The electric vehicle charging station is a device that is used to charge the battery for electric cars. These devices are commonly known as electric vehicle supply equipment or EVSE. They can range from Level 1 which includes a wall plug, Level 2 which includes an EV charging station, and Level 3 charging equipment or commonly known as fast chargers.
In most cases, level 2 charging is recommended because it’s a lot faster than level 1 and doesn’t require the installation costs that come with Level 3 charging. This is the reason why most businesses and homes are installing Level 2 chargers.
Electric vehicles, or EVs, use an electric motor instead of an internal combustion engine (ICE), like traditional cars. Just like ICE vehicles need to refuel with gasoline, EVs need to be recharged with electricity in order to have enough juice to power the electric motor. If you plan to own an electric vehicle or are interested in adding them to your company fleet, it is crucial that you understand the major types of electric car charging. In this article, we will review the different levels of EV charging.
In order to make the right decision when it comes to choosing an electric vehicle charger, you need to understand the different levels to determine what solution will fit your needs.
There are three different EV charging levels: Level 1, Level 2, and Level 3, which is more commonly known as DC Fast Charging. Electric vehicle charging times depend on the type of charging EV drivers choose.
What is Level 1 Charging?
Level 1 charging uses a standard home 120-volt wall outlet. Level 1 chargers are almost exclusively found in home driveways or garages, or home charging. A Level 1 charger is extremely slow at a charge rate of 2 to 5 miles per hour. Level 1 chargers are usually used for an overnight charge.
Level 2 charging uses 240-volts and is typically found at a public charging station or workplace charging station. Level 2 chargers can be installed in homes as well, all it takes is hiring an electrician or EV charger contractor. It should be noted some homes, usually older ones, might require an electrical panel upgrade to support Level 2 charging. A Level 2 charging station can fully recharge an electric vehicle in 4 to 6 hours or 30-35 miles per hour.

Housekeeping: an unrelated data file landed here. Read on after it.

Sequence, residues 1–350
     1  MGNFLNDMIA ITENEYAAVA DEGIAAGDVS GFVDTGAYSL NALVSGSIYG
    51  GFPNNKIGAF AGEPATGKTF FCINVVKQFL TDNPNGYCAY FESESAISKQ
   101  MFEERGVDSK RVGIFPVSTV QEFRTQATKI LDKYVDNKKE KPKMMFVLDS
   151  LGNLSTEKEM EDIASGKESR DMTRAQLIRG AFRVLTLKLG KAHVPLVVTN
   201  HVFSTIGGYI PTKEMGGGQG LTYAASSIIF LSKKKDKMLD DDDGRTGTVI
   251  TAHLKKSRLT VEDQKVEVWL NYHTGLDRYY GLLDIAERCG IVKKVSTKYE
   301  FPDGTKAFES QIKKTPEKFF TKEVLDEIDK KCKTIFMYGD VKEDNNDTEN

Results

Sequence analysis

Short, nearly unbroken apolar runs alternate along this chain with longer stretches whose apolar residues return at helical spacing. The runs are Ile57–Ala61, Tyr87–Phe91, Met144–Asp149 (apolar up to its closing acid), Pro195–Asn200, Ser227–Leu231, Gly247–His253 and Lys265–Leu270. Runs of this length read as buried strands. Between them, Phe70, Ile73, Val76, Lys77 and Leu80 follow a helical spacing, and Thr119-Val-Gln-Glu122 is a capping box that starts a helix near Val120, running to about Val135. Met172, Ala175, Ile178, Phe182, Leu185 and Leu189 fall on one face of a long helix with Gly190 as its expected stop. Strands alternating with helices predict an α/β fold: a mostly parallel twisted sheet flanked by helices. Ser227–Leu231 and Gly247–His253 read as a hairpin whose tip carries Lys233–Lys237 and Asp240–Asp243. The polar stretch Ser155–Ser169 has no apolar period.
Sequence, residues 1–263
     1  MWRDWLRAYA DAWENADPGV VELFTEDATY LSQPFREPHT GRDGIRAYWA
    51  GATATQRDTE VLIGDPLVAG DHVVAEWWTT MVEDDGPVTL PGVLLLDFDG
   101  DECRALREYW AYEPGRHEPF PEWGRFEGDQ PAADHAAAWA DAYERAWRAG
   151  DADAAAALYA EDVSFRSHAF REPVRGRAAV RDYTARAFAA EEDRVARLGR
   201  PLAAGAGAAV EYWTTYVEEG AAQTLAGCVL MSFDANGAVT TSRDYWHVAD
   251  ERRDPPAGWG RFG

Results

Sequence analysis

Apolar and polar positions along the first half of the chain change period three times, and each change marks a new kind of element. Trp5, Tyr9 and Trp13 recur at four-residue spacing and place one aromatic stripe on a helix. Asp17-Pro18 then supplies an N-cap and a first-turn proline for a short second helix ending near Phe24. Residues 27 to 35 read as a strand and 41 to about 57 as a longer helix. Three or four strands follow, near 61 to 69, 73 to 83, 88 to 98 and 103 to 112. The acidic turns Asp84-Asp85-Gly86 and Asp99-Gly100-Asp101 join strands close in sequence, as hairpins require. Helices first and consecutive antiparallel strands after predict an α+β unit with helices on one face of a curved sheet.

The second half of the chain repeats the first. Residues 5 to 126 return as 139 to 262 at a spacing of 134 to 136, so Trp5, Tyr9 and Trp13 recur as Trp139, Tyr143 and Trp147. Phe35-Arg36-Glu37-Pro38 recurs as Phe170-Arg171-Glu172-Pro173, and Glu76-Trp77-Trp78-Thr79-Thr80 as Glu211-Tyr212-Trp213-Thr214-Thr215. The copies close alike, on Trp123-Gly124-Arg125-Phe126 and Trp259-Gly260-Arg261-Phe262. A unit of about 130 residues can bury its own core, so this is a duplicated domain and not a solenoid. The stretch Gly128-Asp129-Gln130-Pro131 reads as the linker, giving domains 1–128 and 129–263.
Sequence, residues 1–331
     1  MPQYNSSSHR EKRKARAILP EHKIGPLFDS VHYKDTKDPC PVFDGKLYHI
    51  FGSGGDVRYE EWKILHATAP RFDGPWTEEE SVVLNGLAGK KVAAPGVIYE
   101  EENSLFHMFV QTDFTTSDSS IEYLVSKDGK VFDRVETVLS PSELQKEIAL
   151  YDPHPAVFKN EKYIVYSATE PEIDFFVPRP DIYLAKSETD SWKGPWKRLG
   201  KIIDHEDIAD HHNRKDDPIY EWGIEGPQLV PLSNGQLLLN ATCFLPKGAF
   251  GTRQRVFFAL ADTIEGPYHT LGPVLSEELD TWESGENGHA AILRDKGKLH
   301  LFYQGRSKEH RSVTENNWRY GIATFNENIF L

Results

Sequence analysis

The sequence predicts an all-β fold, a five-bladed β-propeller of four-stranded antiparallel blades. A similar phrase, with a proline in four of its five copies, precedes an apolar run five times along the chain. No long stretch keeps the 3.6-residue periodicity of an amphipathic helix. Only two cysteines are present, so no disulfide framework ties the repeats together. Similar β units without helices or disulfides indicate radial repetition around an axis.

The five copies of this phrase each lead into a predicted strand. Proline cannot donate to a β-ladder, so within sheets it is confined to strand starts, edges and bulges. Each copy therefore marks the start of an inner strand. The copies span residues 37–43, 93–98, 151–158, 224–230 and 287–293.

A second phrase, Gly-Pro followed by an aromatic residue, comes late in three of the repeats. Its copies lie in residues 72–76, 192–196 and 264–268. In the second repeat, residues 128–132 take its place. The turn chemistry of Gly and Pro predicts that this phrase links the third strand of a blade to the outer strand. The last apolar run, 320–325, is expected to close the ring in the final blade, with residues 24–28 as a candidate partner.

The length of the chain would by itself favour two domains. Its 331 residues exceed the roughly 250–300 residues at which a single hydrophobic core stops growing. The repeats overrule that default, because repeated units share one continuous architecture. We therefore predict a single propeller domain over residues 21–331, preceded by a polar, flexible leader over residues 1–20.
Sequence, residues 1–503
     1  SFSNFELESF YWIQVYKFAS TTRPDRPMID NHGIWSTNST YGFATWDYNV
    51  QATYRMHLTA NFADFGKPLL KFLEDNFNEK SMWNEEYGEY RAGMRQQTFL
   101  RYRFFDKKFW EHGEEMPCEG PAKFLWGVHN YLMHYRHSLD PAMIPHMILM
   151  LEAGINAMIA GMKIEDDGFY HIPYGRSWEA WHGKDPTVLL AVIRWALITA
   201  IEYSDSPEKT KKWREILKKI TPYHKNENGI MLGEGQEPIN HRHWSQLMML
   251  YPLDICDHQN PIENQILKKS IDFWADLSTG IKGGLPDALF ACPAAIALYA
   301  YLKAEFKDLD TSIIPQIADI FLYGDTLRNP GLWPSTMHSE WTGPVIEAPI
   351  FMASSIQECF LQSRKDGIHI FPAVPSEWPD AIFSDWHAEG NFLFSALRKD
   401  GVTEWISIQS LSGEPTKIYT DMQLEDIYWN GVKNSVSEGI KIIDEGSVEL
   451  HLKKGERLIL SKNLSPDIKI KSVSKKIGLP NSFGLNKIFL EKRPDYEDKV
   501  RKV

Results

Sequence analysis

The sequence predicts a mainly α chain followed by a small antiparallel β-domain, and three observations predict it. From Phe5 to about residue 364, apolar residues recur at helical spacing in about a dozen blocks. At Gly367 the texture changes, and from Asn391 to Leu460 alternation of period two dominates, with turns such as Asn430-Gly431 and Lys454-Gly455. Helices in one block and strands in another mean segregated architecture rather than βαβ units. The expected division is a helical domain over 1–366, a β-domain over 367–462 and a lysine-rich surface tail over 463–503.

According to the US Department of Transportation, the average commuter drives 39 miles per day. Simply charging with a Level 2 charger for only a few hours each day would satisfy the average American driver’s needs and provide sufficient driving range.
The good news is a growing number of businesses see the value in commercial EV charging and are starting to install workplace charging stations for their employees and customers. Some workplace or retail charging stations are free, while others charge a flat rate or by kilowatt-hour (kWh).
Level 3 Charging, also known as DC fast charging, supplies direct current (DC) as opposed to alternating current (AC) like Level 1 and Level 2 chargers do, which allows for rapid charging. Electric vehicles use DC electricity to operate and need to convert the AC power delivered by Level 1 and Level 2 EV charging.
DC fast-charging stations use 480 volts of power which is not always available. For example, most homes and small businesses do not have 480 volts of power being supplied by their electrical utility provider.
DC charging can replenish 80 percent of an EV’s car battery in 30 minutes. You will usually find a DC fast charging station in a commercial or public setting – retail centers, malls, corporate offices, and other commercial locations are common.
Contact us today if you are interested in installing a DC fast charger and need assistance with design, manage, and installing your commercial charging stations.
In most scenarios, a Level 2 charger will meet your electric vehicle demands. Level 2 chargers are the most common type of chargers that are used by electric vehicle owners.
Not all EV chargers are the same – they range in power output, warranty, and network capabilities.
Networked chargers come with built-in software that provides charging schedules, power distribution, and analytics. Utilities around the United States are making it a requirement to install a networked charger if you plan on applying for any rebates or incentives.
It’s important to mention that not all EVs can charge with DC fast charging. The Tesla Supercharger is a proprietary DC fast charging system for Tesla vehicles.
Hire a professional like WattLogic to implement your EV charging strategy. Our team of experts will handle everything from initial design, rebate documentation, and getting the EV chargers installed. Get an L2 charger installed today and join all the other EV owners.
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